We are just a few days away from the beginning of the 2011 North Carolina legislative session. This session will begin with a historic transition of power. During the 2010 election, the Republicans gained control of both the House and Senate. This will be the first time in over 100 years that Republicans will be our states leadership and with that control comes the responsibility to balance the state budget.
The reality of this session is that regardless of which party was in leadership, our state is facing a $3.7 billion deficit. The budget deficit is over 15% of the state’s total fund expenditure.
So how did we get to a $3.7 billion deficit?
Several factors have caused this significant deficit. Let’s start with the “great recession”. Although multiple economists believe we have hit the bottom and are slowly coming out of it, our state revenue collections have been slow to respond. This is not just happening in our state but also across the nation.
Then there are policy factors that are adding to the deficit. This is the break down of those factors:
1. Federal American Recovery and Reinvestment Act of 2009 funds will expire with the 2010 budget. Total amount not recurring is $1.6 billion
2. The state sales tax and additional taxes that were passed during the 2009-2010 legislative sessions will expire on June 30, 2011. Totally amount not recurring is $1.3 billion.
3. Lastly, there are $300 million in one-time reductions and transfer of fund balances in the current 2010 budget. These one time reductions return to the continuation budget on June 30,2011.
The total of just these three policy factors had our state at a deficit of $3.2 billion.
In addition to these there are several other factors that have brought our state to the $3.7 billion deficit figure. These are the additional preliminary estimates on needed revenue:
$75 million for public schools-K-12 enrollment growth.
$190 million for Medicaid enrollment growth.
$89 million for higher education enrollment growth.
$181.6 million to maintain the current benefit levels and anticipated growth in the North Carolina State Health plan for state employees.
$304.9 million from the General Fund and $13.6 million from the Highway Trust Fund to the State Retirement System to increase the employer contribution to the national standards.
And finally unspecified appropriations will need to be directed at the Savings Reserve Account (Rainy Day Fund), Capital and Repair and Renovations Reserve Account, and Economic Development.
What are leaders saying about how to close the deficit?
Both Governor Perdue and the new Republican leadership are stating that there will be no new taxes offered to help close this gap and no extension of the current tax package.
Governor Perdue had requested all of the state divisions and departments to prepare budgets that reflected a 5%, 10% and 15% cut to their current budgets. In addition the governor has presented a plan to consolidate, eliminate and privatize specific sections of our state government.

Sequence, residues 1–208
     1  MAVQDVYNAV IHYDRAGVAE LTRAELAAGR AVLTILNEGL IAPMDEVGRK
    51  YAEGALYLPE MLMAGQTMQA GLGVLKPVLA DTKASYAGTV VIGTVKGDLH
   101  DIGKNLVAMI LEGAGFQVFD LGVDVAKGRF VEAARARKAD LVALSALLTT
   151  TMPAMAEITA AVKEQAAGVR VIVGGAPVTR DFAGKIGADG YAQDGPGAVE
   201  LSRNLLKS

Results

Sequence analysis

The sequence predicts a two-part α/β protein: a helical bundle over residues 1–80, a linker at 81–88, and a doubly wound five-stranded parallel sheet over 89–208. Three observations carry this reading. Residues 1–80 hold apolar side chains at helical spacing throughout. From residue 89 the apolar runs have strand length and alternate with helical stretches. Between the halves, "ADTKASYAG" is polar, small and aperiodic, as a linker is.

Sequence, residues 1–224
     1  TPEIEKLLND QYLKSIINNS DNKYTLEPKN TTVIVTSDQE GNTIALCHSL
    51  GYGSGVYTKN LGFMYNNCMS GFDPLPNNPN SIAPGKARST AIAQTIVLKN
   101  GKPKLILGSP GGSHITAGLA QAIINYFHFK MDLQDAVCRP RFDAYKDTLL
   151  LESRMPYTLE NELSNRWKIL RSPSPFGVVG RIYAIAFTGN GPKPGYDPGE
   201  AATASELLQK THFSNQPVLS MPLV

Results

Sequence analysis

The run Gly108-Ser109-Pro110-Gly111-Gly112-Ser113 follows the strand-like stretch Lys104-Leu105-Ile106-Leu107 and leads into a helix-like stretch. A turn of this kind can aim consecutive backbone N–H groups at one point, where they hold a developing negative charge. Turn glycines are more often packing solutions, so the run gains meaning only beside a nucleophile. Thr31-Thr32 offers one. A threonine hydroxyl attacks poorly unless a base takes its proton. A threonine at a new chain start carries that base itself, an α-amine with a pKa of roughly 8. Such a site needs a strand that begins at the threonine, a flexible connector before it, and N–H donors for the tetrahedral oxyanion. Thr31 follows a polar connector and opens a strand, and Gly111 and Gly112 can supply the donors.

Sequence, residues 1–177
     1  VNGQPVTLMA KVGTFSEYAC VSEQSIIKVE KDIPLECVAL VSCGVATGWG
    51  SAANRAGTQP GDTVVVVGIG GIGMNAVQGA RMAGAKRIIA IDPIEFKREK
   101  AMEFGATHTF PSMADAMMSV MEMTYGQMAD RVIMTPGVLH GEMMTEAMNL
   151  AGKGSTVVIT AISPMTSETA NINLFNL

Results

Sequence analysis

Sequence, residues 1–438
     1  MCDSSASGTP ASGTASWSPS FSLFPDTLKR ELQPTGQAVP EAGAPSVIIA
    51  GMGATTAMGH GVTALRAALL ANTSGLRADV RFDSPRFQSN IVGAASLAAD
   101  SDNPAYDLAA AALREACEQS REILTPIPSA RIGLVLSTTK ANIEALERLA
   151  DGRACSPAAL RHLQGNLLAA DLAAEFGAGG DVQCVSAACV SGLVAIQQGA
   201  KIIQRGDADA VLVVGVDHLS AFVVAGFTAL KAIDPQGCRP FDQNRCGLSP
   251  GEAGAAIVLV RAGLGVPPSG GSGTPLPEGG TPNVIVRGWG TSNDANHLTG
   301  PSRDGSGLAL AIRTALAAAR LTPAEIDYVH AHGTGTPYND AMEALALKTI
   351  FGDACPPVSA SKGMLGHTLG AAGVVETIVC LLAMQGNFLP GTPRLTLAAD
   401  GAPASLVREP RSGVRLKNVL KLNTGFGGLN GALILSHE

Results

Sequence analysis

The Republican leadership, in multiple news interviews, has pointed to the reduction of budgets through cuts, consolidation of government agencies, and “zero-based” budgeting (defending programs based on their effectiveness and fiscal responsibility.)
As the clock ticks down to the start of a new session, the cuts are most likely to be at least 15% -18% of the current budget.
What is the impact of cutting a budget by 15% to 18% for developmental disability services?
This budget year is critical with both long and short-term implications for people with developmental disabilities and their families. Reductions of 15% to 18% of our developmental disability budget would devastate supports and services. The cuts would be even deeper since a majority of our services are provided through Medicaid funding which receives a 66 % match from federal funds. For example if the state were to cut 50 million from Medicaid funded Developmental Disability services the actual cut would be close to 150 million.
In addition we are likely to see significant cuts in education specifically around teaching assistant positions. With the multiple plans to consolidate and cut services in public health and other social services, we will see a crisis compounded by multiple cuts that will affect the developmental disability community.
What can you do to help legislators understand the personal impact of the upcoming budget crisis?
Here is what we suggest.
1. Get to know your legislator. Make contact with him or her now, before session begins. If you receive services in this state, tell them your personal story.
2. Sign up for e-alerts from The Arc of North Carolina and for our upcoming bi-weekly publication, “Policy Partners” designed to provide more analysis and review of actions taken in Raleigh.
3. Keep up with The Arc of North Carolina Policy blog as we update daily the happening at the North Carolina General Assembly.
4. Follow us on Twitter at thearcnc. We will be using Twitter to get breaking policy news out to you directly from the General Assembly.
5. Participate in lobbying days at the General Assembly. Find out more about our lobbying efforts during the session by visiting The Arc of North Carolina web site.